“Being ethical was not about being pure, he realized; it was caring about suffering.” Strangers Drowning was a read outside of the realm of genres I am accustomed to and was suggested by the professor of a Public Health ethics course I took several months ago. It covers the philosophical concept of the “do-gooder” the altruist who always acts in what he/she views as favoring morality. Do-gooders are extreme in the sense that they value every human life with equal worth to the extent that they would behave towards strangers as they would with family members. The moral dilemma of whether to save a drowning family member vs. multiple drowning strangers was posed, and the do-gooder would choose the strangers if the number of people was perceived to be great enough to exceed the value of one family member. At first glance, they may seem very benevolent, but the real-life examples the author portrays illustrate how altruism can actually be interpreted as inhuman. Those who turn a skeptical eye towards do-gooders state that without “selfish morality” towards friends and family, we are blind servants of the world rather than loyal creatures of kinship. They believe do-gooders lack the blindness and innocence that allows most people to carry on with life without having to question every action they take. Do-gooders are always thinking of how their actions would affect others (i.e., choosing to fast or be homeless because the money spent on such things is better off feeding those in a third-world country).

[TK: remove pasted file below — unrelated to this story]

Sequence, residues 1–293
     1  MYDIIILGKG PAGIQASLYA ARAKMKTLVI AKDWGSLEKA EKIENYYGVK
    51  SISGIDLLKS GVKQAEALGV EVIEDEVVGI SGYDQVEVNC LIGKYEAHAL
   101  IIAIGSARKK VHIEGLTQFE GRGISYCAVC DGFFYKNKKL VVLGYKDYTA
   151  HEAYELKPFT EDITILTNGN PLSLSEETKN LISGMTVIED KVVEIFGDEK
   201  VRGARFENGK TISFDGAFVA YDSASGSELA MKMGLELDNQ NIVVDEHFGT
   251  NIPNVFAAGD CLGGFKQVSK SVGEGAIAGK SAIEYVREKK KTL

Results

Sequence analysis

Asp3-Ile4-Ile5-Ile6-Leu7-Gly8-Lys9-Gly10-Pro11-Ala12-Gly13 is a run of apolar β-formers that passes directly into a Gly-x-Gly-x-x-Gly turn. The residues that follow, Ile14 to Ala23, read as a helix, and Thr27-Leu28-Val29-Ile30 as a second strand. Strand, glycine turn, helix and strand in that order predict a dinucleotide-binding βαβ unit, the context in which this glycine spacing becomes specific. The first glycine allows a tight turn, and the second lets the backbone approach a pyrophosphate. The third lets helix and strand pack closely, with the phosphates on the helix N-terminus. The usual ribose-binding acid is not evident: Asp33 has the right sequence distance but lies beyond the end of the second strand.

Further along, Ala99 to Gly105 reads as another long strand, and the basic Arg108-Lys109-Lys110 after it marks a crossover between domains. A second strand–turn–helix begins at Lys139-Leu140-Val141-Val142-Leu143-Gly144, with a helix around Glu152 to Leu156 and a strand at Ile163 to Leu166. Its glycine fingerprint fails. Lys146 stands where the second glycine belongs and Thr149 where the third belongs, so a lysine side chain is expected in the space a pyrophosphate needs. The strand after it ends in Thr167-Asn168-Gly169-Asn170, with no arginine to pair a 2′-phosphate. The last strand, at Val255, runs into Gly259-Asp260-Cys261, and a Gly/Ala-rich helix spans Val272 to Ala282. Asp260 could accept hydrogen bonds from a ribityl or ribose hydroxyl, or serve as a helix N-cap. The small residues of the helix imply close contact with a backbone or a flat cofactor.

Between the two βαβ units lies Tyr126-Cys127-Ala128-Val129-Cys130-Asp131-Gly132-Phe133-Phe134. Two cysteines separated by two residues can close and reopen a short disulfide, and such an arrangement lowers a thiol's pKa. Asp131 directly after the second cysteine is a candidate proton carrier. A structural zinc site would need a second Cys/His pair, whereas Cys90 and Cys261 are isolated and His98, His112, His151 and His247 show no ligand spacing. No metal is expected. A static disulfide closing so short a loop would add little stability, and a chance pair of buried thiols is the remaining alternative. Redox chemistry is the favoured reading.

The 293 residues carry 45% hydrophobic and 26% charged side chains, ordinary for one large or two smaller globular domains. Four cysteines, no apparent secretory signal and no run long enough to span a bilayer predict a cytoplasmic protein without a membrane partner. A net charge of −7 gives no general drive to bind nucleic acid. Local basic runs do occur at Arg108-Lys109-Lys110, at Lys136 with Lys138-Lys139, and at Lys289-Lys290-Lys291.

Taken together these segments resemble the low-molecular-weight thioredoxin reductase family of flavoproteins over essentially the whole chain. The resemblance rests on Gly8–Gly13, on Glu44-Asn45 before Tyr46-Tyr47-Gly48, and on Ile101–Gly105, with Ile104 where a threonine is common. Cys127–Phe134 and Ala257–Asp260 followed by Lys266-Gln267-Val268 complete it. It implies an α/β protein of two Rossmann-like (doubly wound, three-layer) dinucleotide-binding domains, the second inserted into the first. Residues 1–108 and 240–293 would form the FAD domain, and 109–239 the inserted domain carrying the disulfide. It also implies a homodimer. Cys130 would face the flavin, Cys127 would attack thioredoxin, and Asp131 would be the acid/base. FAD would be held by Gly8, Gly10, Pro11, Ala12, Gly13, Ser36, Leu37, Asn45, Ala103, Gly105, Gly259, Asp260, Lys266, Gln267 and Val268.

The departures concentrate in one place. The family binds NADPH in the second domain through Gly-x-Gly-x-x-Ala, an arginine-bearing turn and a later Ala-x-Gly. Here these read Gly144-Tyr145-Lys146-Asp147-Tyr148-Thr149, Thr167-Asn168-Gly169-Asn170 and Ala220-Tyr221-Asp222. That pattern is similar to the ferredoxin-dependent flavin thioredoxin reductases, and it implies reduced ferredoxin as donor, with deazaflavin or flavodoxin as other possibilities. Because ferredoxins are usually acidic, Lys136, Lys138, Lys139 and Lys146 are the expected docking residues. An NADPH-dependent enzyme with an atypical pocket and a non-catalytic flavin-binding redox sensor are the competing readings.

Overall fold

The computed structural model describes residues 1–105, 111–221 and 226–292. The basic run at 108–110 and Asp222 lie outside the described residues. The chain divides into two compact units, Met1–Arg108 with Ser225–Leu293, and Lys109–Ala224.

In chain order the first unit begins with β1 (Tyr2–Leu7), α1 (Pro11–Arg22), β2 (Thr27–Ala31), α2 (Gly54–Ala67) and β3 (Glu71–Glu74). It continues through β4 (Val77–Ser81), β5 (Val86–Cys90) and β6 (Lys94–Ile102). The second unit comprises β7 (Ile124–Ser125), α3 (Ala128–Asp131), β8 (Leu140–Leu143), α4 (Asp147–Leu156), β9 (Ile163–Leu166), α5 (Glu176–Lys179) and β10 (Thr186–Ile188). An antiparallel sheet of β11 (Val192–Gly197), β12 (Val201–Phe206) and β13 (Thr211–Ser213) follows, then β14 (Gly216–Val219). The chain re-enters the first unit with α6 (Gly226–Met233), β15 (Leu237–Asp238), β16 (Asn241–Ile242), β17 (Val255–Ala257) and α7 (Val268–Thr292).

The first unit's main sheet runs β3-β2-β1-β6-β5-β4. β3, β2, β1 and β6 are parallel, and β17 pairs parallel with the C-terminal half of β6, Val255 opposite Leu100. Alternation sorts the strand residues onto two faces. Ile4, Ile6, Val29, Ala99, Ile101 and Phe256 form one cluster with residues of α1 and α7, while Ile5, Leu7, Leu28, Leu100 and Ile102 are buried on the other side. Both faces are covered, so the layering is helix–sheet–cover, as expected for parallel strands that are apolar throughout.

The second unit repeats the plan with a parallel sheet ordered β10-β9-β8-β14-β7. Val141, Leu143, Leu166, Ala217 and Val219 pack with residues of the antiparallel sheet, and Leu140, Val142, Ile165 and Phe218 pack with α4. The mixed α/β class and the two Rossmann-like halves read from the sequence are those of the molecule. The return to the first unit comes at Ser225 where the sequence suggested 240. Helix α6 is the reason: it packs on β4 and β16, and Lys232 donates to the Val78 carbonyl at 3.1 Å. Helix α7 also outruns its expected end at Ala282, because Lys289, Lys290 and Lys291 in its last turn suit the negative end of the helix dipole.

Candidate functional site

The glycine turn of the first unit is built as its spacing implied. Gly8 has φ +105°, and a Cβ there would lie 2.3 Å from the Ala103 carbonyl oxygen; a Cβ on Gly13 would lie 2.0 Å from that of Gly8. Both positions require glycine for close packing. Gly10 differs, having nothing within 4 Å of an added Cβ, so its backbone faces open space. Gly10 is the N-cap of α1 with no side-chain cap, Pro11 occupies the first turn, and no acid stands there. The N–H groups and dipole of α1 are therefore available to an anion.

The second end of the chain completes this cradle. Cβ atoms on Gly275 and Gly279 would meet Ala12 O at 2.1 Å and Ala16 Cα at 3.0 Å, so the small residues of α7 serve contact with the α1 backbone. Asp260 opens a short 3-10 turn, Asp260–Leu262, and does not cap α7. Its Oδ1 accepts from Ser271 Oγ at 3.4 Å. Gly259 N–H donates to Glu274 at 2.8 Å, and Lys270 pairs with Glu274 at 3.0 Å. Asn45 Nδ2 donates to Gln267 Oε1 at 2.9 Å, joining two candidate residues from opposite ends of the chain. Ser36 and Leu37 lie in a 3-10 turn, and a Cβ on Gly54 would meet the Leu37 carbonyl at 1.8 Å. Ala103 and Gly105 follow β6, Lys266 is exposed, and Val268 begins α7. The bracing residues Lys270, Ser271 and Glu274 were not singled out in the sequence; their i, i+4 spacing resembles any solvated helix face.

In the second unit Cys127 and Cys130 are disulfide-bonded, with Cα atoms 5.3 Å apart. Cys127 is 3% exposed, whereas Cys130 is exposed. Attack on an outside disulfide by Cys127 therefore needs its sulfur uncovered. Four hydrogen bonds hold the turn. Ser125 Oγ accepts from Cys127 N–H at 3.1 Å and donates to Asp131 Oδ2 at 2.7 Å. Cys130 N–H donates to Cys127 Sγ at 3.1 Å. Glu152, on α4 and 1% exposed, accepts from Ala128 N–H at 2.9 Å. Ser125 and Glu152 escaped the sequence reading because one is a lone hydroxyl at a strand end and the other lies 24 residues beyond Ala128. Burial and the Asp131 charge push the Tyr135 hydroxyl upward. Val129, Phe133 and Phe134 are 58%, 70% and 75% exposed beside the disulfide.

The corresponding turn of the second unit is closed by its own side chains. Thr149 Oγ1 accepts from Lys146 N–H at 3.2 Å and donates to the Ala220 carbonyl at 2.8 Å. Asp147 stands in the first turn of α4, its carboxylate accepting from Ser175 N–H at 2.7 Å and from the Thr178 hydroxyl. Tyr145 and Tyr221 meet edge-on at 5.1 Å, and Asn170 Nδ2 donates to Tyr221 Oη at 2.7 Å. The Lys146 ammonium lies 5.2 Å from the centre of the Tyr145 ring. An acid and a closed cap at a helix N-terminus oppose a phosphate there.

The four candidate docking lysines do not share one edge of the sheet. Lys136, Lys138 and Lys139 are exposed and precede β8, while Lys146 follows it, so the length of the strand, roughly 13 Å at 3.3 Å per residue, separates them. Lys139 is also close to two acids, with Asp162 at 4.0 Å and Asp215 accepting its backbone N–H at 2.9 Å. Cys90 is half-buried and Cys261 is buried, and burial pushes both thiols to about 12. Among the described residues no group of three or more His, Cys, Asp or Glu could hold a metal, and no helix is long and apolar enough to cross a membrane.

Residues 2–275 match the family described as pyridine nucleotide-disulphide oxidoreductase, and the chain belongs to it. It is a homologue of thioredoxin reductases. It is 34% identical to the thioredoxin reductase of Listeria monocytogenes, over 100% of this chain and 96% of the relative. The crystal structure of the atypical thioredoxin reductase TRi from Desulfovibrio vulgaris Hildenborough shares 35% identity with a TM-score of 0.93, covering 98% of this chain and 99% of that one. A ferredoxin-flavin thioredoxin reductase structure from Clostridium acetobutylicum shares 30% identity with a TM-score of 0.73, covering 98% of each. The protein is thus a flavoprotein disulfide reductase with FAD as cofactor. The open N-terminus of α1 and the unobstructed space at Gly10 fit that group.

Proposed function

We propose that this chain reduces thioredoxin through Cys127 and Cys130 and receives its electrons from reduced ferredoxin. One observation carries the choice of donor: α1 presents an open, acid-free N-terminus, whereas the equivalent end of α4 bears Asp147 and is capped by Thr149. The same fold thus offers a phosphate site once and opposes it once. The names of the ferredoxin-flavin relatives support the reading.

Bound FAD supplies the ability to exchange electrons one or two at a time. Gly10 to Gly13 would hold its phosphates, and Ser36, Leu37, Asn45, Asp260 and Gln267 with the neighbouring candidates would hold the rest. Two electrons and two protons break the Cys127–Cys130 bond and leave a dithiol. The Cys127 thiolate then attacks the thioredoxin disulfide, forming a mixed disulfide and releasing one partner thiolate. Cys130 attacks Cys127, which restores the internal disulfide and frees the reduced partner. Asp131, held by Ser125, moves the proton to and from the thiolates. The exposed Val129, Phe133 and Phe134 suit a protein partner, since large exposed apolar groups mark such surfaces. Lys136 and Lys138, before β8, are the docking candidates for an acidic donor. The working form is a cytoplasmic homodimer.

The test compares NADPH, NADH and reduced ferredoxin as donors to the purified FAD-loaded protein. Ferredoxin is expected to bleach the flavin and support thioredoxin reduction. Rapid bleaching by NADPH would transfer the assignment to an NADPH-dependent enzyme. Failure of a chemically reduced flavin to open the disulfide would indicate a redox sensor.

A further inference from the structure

Another interesting point mentioned in the book is that being ethical is not necessarily about being pure, but about caring about suffering. To be ethical is not to abide by inviolable principles, but to consider the consequences of a situation. The example presented was that if Anne Frank is hiding in your house, the ethical course of action is not to be honest with the Nazis at the door, but to lie. To be ethical is to relieve suffering.